Fatal rupture of a brain arteriovenous malformation flow-related aneurysm during microcatheter removal: a rare complication

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Intracranial aneurysms are relatively frequently encountered in patients with brain arteriovenous malformations (BAVMs). They may be located on the circle of Willis, on arterial feeders, or even inside the nidus. Because BAVM-associated aneurysms represent a risk factor of bleeding, the question of the timing and modality of their management remains a matter of debate in unruptured BAVMs. The authors present a case of fatal periprocedural rupture of a flow-related aneurysm (FRA) during the removal of the microcatheter after injection of a liquid embolic agent. A 40-year-old man was treated at the authors' institution for the management of a Spetzler-Martin Grade III left unruptured frontal BAVM, revealed by seizures and a focal neurological deficit attributed to flow steal phenomenon. After a multidisciplinary meeting, endovascular treatment was considered to reduce the flow of the BAVM. A proximal FRA located on the feeding internal carotid artery (ICA) was purposely left untreated because it did not meet the criteria of the authors' institution for preventative treatment (i.e., small size [2.5 mm]). During embolization, at the time of microcatheter retrieval, and after glue injection, the aneurysm unexpectedly ruptured. The aneurysm's rupture was attributed to the stress (torsion/flexion) on the ICA caused by the microcatheter removal. Despite the attempts to manage the bleeding, the patient eventually died of the acute increase of intracranial pressure related to the massive subarachnoid hemorrhage. This case highlights a previously unreported mechanism of FRA rupture during BAVM embolization: the stress transmitted to the parent artery during the removal of the microcatheter.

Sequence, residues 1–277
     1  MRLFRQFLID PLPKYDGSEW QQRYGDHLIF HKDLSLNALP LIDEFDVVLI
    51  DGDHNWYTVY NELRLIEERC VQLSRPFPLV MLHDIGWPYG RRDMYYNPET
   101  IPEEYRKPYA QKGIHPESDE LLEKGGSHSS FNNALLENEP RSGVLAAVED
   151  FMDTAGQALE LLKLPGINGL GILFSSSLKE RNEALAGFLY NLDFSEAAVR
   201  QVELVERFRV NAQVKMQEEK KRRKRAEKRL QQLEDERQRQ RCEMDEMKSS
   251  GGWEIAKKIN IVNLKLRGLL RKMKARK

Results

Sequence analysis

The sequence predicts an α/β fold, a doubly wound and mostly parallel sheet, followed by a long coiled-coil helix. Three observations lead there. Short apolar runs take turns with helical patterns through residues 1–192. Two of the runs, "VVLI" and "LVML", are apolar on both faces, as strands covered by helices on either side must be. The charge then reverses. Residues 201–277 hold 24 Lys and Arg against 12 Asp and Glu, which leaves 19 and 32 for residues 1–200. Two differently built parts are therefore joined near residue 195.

ABBREVIATIONSACoA = anterior communicating artery; BAVM = brain arteriovenous malformation; DSA = digital subtraction angiography; FRA = flow-related aneurysm; ICA = internal carotid artery.
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Contributor Notes

Correspondence Frédéric Clarençon, Department of Neuroradiology, Pitié-Salpêtrière Hospital, 47 Bd de l'Hôpital, 75013 Paris, France. email: fredclare5@msn.com.INCLUDE WHEN CITING Published online January 9, 2015; DOI: 10.3171/2014.11.JNS132515.DISCLOSURE The authors report no conflict of interest concerning the materials or methods used in this study or the findings specified in this paper.

© AANS, except where prohibited by US copyright law.

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